Pandemic forces Erie brides to be flexible in wedding planning
Wedding season is upon us, but the repercussions of the pandemic are putting additional stress on brides planning their upcoming weddings.
Lena Donnelly and fiancé Ryan Martin got engaged in June 2020 amid a global pandemic. The pandemic has shut down the world, altering their wedding plans in 2021.
“Everyone pushed their wedding back a year, because we wanted to do 2021, but pushing it back an extra year gave us more time to enjoy our engagement, have fun and plan how we really wanted to plan it. “said Lena Donnelly, married. .
Rising food prices pose the biggest threat to brides and caterers.
“It grew 38% and it hasn’t been easy. Trying to keep my prices manageable so everyone can host an event no matter how challenging it is,” said Brittany Pituch, owner, Concourse of Union Station Catering.
For Lena, she noticed that the price of food went up the most. But a local wedding planner tells us that other wedding services are also continuing to rise.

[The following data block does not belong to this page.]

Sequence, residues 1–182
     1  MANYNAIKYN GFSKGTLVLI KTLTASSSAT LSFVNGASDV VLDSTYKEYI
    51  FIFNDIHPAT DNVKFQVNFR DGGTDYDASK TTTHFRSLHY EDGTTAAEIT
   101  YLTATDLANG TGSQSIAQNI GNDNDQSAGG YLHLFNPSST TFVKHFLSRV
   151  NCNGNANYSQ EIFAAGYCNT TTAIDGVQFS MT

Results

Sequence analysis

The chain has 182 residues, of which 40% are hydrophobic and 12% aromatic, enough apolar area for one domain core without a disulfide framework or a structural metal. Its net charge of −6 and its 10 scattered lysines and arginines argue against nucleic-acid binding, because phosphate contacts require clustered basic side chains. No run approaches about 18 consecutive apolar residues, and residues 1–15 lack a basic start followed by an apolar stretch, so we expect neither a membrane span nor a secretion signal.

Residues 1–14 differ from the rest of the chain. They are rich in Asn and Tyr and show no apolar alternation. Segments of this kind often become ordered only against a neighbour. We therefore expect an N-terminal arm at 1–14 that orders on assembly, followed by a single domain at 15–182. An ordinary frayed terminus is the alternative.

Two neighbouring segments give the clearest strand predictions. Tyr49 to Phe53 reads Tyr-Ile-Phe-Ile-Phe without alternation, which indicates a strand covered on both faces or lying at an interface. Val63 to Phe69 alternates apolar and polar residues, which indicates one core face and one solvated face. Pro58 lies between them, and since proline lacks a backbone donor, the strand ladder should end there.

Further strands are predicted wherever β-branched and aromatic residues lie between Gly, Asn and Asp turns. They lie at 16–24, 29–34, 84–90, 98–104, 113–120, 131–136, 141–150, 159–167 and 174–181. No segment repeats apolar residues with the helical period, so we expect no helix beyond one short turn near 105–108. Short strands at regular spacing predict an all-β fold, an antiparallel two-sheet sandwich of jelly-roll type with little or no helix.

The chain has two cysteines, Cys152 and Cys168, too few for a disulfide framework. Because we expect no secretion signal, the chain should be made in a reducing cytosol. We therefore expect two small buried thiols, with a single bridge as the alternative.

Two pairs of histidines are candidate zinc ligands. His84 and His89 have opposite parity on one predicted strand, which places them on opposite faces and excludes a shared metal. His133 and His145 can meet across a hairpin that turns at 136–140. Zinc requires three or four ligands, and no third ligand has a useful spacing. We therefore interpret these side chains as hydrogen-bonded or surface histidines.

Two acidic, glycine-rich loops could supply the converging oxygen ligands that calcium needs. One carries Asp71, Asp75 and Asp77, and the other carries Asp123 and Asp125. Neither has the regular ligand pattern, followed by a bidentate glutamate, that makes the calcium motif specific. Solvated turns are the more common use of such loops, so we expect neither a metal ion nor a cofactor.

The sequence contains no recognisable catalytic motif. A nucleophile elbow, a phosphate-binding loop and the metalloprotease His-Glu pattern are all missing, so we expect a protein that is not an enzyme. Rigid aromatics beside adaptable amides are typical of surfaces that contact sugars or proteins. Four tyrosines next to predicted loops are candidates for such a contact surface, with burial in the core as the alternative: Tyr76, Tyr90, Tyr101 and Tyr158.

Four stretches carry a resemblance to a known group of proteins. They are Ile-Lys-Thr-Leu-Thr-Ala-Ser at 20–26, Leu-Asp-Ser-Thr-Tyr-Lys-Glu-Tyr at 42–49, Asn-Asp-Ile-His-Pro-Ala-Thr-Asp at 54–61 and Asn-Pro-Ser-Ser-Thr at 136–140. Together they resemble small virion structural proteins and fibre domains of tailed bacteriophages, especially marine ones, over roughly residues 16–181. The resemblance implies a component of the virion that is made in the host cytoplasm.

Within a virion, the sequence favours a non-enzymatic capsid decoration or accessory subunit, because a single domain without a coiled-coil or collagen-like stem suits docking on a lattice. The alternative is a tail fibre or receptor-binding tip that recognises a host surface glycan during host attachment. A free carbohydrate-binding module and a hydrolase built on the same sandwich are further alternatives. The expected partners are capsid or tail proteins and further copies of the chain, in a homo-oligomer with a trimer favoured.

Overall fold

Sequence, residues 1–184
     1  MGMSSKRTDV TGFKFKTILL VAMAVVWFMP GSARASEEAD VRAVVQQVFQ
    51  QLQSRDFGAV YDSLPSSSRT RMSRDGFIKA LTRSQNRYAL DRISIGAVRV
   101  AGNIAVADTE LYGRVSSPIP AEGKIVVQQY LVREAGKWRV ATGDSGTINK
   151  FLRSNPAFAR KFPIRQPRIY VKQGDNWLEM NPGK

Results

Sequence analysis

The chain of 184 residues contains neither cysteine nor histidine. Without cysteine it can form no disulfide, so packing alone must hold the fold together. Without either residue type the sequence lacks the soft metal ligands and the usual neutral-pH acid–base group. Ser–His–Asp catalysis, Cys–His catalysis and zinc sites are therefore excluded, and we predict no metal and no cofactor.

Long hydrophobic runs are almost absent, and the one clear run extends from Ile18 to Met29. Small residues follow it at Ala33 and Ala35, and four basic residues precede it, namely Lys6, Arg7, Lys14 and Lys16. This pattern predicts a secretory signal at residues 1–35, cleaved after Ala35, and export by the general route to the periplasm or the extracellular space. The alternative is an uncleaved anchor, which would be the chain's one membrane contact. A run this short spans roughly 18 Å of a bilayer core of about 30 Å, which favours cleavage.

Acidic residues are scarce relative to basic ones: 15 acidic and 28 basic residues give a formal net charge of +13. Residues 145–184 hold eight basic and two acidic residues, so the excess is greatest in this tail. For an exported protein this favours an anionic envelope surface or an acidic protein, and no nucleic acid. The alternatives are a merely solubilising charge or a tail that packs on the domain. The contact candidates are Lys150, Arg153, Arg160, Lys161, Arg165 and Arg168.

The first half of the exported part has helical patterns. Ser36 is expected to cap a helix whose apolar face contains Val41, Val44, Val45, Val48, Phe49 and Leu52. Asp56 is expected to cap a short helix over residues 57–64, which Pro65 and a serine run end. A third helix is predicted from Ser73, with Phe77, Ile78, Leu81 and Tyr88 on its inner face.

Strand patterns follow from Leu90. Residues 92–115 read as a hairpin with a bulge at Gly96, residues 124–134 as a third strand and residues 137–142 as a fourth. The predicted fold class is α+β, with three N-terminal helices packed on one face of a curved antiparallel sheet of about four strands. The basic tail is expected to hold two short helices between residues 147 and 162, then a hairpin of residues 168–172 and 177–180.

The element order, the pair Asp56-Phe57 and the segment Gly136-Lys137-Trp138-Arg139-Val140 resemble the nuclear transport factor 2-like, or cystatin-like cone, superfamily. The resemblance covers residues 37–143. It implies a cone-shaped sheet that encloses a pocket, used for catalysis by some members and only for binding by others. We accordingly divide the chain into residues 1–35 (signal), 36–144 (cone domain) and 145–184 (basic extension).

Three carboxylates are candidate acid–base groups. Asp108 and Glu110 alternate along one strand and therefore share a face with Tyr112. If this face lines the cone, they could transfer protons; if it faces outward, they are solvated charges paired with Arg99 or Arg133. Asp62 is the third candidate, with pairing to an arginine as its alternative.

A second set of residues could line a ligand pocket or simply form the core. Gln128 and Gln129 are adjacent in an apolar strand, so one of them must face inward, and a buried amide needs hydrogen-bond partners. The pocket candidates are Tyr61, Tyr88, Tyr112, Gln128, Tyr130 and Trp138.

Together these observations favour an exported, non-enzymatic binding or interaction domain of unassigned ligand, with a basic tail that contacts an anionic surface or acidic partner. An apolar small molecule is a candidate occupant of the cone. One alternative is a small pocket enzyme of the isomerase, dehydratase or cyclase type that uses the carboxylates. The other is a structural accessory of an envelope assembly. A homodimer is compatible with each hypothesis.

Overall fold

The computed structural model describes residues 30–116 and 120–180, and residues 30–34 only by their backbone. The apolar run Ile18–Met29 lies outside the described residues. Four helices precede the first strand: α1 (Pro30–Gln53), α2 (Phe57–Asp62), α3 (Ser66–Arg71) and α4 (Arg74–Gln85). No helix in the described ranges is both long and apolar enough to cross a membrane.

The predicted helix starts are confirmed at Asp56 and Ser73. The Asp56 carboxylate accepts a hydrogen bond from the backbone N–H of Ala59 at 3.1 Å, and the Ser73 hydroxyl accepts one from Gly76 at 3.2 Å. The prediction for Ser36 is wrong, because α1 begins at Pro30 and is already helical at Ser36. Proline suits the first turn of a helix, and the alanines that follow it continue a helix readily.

“For us, as a mobile service, it’s fuel consumption. We now pay $1.50 more per gallon for gas, and when you factor in consultations, meetings, site visits, it all adds up,” said wedding planner Eve Frank.
Rising costs haven’t affected a Crawford County DJ firm, but with so many weddings postponed, it’s caused a huge backlog.
“We actually had to tell people that we can’t do their wedding now because that person has already postponed that date or that person was already under contract for that date before you. It’s been hectic,” said Kier Williams, DJ, Vincent Entertainment.
Lena and her fiancé will walk down the aisle in June, relieved to finally be able to celebrate with the people they love.
“Knowing that we can have the people who love us and be around us will be there and you don’t have to worry about cutting people down, that’s a good blessing,” Donnelly said.